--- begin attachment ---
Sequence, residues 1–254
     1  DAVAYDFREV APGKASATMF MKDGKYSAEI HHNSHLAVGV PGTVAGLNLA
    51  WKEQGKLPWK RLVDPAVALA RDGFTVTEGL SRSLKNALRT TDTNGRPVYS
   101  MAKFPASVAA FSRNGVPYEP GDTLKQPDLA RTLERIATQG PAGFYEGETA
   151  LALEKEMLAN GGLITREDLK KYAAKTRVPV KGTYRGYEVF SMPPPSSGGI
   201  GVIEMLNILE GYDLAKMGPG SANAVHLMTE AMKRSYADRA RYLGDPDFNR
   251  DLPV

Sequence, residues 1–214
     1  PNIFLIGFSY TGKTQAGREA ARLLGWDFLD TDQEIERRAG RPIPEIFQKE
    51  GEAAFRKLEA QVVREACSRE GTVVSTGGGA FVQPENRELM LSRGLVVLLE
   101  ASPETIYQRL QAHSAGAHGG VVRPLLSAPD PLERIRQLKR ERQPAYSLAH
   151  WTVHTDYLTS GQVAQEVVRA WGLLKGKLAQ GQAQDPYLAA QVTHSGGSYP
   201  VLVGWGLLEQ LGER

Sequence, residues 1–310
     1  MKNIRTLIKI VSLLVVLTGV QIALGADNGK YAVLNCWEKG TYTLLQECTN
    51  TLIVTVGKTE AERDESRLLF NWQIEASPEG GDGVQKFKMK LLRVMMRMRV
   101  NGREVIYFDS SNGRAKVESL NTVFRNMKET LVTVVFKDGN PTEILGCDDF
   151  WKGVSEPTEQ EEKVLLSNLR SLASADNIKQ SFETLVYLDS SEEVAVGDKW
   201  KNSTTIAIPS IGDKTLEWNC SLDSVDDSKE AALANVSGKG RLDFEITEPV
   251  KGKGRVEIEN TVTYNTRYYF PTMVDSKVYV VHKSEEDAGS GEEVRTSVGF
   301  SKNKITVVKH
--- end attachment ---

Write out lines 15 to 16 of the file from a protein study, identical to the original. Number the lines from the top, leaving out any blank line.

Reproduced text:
     1  MKNIRTLIKI VSLLVVLTGV QIALGADNGK YAVLNCWEKG TYTLLQECTN
    51  TLIVTVGKTE AERDESRLLF NWQIEASPEG GDGVQKFKMK LLRVMMRMRV